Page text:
Old Witch

Ha! Here they come into my yard, sneaking through the hedge to retrieve their ball. Look at them tiptoeing and shushing each other, fear blanching their choirboy faces, their movements about as subtle as a herd of elephants. Joey, the towhead, stumbles out into my flower bed, and Peter and Christopher snatch him back with hisses of alarm. Consternation on his freckled face, Peter stoops and tries in vain to make the broken tulip stems stand erect. I don’t really care about the flowers.

Reassembled, Peter now in the lead, they resume their stealthy trek. How close shall I let them get? The soccer ball lies near the base of the oak tree, halfway across my lawn. Ah, they’ve decided to brave the open stretch to the tree all together, counting on safety in numbers. Little fools! Look at them, sighing with relief as they lift the ball, mopping the sweat from their brows, stopping to congratulate each other on the success of their escapade. Now, watch:

“Get out! Get out! Get out of my yard! Get out, you filthy brats!”

“Yipes! It’s her!”

“Run! Run!”

“Hurry! She’s right behind us!”

Crashing into one another, shrieking, they blunder back through the hedge to Peter’s yard. There is no mistaking the panic in their hearts. Only when they have reached the sandbox, where Peter’s younger sister Emily starts at their noisy return, does their terror subside and bravado reemerge.

“Old witch! Old witch!”

I stalk back to my house. But the episode is not over. Watch:

Out the side door comes Donna Roberts, mother of Peter and Emily. She beckons the boys to her and places her hands on her hips with a sigh. I know exactly what she is saying. I know exactly their replies.

“Peter, were you and your friends in Ms. Davis’s yard again?”

“But, Mom, we had to get our ball.”

“I thought you were going to try not to kick the ball into her yard in the first place.”

“It was Joey who did it.”

“I’m sorry, Ms. Roberts.”

“It’s all right, Joey. You boys get bigger and stronger every year. No wonder the ball keeps going over the hedge. Listen, if you just play quietly for half an hour more I’ll be done with my typing and I can take you all to the park. And I want you to promise me that if the ball goes into Ms. Davis’s yard again, you’ll go up to her front door, ring the bell, and ask her politely if you may go into the yard to get it.”

“Okay. But, Mom…? Why does Ms. Davis have to be so mean? We wouldn’t hurt anything.”

“I know, sweetheart. But Ms. Davis never married and she never had children, so I guess she just isn’t comfortable around them.”

“She’s an old witch.”

“Christopher! Please, that’s not nice. Now keep yourselves occupied for half an hour and I’ll be finished, I promise. And Peter, be sure to keep an eye on your sister.”

“Yes, Mom.”

Look at her, blowing them kisses as she goes back into her house. Be nice to poor old Ms. Davis. I’ll have her know I’m not that old, fifty-five, and my skin is as fresh and clear as a woman of thirty. Moreover, I happen to like the shock of white hair that runs atop my natural black. You can see people’s eyes rivet on it the minute I walk into the boardroom. But what would Donna Roberts know about that, with her little word processing service that she operates from a computer in her basement. She even had the nerve to put out a press release to the local paper about her new “business.” I’ll tell her what constitutes a career. I have a title, vice president for investments, I have a sixteenth-floor office, I have a secretary and thirty-two people who don’t dare breathe without my consent.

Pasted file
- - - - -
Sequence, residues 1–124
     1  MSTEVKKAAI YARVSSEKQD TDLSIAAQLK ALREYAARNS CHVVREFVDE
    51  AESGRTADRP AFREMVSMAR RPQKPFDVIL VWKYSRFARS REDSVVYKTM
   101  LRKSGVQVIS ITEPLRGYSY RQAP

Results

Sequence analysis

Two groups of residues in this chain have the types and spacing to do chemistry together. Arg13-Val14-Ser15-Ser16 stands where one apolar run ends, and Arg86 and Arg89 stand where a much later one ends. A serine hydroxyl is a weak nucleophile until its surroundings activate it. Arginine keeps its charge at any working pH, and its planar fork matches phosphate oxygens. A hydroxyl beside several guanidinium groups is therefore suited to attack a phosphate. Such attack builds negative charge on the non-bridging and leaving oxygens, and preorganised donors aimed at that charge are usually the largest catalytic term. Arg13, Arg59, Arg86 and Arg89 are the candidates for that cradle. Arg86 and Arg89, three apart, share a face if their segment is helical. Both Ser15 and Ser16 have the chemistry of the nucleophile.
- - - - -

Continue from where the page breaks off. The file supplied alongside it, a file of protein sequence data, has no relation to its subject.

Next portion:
And don’t think for one minute, Ms. Roberts, that I don’t have a man.

*****

“Edwina.”

“Rolf.”

We don’t need to say more. The look is there in his eye. Everything about Rolf is lean, from his rakish smile to the cut of his clothes. He wears a black eye patch, the legacy of a sailing accident in his twenties. You may recognize his name. Rolf races on the international circuit in his maxi yacht Valkyrie, and he and his crew have put her through her paces for me in the Stockholm archipelago. I met Rolf when the bank sent me to Sweden to negotiate the loan for his shipping business, and though he is by no means the only man in my life, among the current crop he is one of the longest running. Tonight, in fact, is our five-year anniversary.

“For you.” From behind his back Rolf produces a bottle of champagne in one hand, a flat, square package in the other.

I unwrap the gift carefully. “Rolf! Where on earth did you find it?”

“A tiny bookstore in Paris. You like it?”

“Like it? Rolf, you bring me a first edition of Candide and you ask if I like it? It’s exquisite. What a treasure to add to my library.”

Rolf grins with pleasure, and I’m tempted to throw my arms around him, but I refrain. Even in private, Rolf does not care for passionate displays of affection outside the bedroom. He is a man of the sky and the wind, of lean muscle and hard lines, and later, when we make love, it will be the same way. That makes his gift extra special, for he has gone out of his way to add a unique volume to my rare book library, a love he understands but does not share.

“Let me open the champagne,” I say. “How was your flight?”

“Fine. No delays. I am prepared to meet with the New York consortium tomorrow.”

“Do you think they’ll accept your offer?”

“They have no choice. Thanks to your brilliant brokering of the buyout, my company is about to become the largest industrial shipping line in Europe.” Rolf raises his glass. “To you.”

“To us.”